It was in Geneva at the turn of the decades of the 20-30s of the last century that Maybach and Mercedes cabriolets shone as well as overseas Chrysler models — the Mercedes SSK model, which debuted in Switzerland in 1929 had a 6-cylinder 7.1 litres engine, which developed 170 HP.
In 1931, the presentation of Maybach Zeppelin, released in the amount of three hundred copies. This car was equipped with a 7-liter V12 with 150 HP and developed a maximum speed of 153 km/h.
In 1937, Geneva was the place of the premiere of the Italian version of the “people’s car” Fiat 500 Topolino (the “mouse”), the index of which indicated the volume of the engine equal to 500 cm3. This car was produced even after the war — until 1955. And in 1939, visitors to the Geneva Motor Show had a chance to admire the Opel Kapitan sedan.
When the fire of World War II started in Europe, there was no time for cars. The Geneva Automobile Salon was closed for as long as seven years. There were no expositions from 1940 up to 1946. But it was the motor show that gave Geneva an incentive to acquire the status of an “exhibition city”.
The releases of the Geneva Motor Show in the post-war years and now
Overall, in its history, the Geneva Motor Show has presented hundreds of world and European stock and concept cars to the sophisticated audience. The latter sometimes became the basis for future mass-produced vehicles, and more often disappeared into the bowels of the design departments of car companies.
After the war, Jaguar XK 120 Coupe debuted at the Motor Show in Switzerland. It developed a maximum speed of 193 km/h (in 1951). Another debut was the Mercedes 300 S Ponton — the progenitor of today’s S-class.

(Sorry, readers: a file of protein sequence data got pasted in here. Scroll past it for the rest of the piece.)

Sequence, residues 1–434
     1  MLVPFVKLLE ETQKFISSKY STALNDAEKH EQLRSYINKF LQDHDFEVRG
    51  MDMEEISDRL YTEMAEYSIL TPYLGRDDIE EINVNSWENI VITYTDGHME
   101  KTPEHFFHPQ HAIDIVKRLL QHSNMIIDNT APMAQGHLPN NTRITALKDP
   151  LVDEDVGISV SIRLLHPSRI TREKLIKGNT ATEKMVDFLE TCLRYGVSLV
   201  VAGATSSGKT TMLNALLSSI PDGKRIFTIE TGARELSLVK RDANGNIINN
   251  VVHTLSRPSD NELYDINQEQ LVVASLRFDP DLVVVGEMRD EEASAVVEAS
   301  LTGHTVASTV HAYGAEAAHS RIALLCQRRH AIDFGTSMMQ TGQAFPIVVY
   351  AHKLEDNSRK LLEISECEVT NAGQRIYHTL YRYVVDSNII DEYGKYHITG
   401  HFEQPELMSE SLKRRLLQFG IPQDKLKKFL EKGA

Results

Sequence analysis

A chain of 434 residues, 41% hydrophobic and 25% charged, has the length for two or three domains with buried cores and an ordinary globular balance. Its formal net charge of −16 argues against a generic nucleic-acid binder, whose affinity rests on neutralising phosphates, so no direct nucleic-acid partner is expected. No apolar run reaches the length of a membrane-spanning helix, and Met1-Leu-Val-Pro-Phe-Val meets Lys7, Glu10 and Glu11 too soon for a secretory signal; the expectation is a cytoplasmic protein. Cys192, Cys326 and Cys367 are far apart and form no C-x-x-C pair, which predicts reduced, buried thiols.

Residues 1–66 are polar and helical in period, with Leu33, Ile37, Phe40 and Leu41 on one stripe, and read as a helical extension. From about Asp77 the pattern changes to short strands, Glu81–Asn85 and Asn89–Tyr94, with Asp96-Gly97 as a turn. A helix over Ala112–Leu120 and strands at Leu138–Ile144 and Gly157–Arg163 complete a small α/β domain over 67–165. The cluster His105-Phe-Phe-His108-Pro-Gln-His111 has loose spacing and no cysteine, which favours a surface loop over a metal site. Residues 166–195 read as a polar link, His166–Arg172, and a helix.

In different years, the Jaguar E-Type, Mercedes 230 SL “Pagoda” (1963), Ferrari Dino, the current flagship Citroen C6 and the departed Renault Vel Satis debuted there.
Among the most notable examples is the Simca Fulgur concept, which honored Geneva with its presence back in 1959. The layout of the “lightning” (the meaning of the word “fulgur” in Latin) was developed by the designers of the French automaker Simca, who embodied the idea of how cars will look in 2000. According to their idea, the car was to be driven by an onboard nuclear mini-reactor, have only two wheels balanced by gyroscopes, and reach the speed of up to 150 km/h. The standard equipment also included a radar.
In March 1971 Lamborghini unveiled the LP500 concept in Geneva. Though, the possibility of mass production of this car was not initially considered. However, the prototype of Marcello Gandini’s work received enthusiastic responses, and in 1974, Lamborghini said it had started production of the car. The production version was named Countach, and a 5-litre V12 engine was replaced with a 4-litre 375 HP, aggregated with a 5-speed manual transmission.
It was the Geneva Motor Show that almost all world manufacturers used as the premiere show, starting with democratic Koreans Kia and Hyundai and ending with exotic “piece” brands like Koenigsegg, luxury Rolls-Royce, Lamborghini, Ferrari, and others. Debutants of Geneva were Audi 80, Audi 100, and the first generation A8 with the aluminum body, Ford Granada, Capri, and the first generation of Mondeo, in 1981, Volkswagen debuted with its Scirocco model. Moreover, the future world bestseller Ford Focus of the first generation debuted here in Geneva in 1998.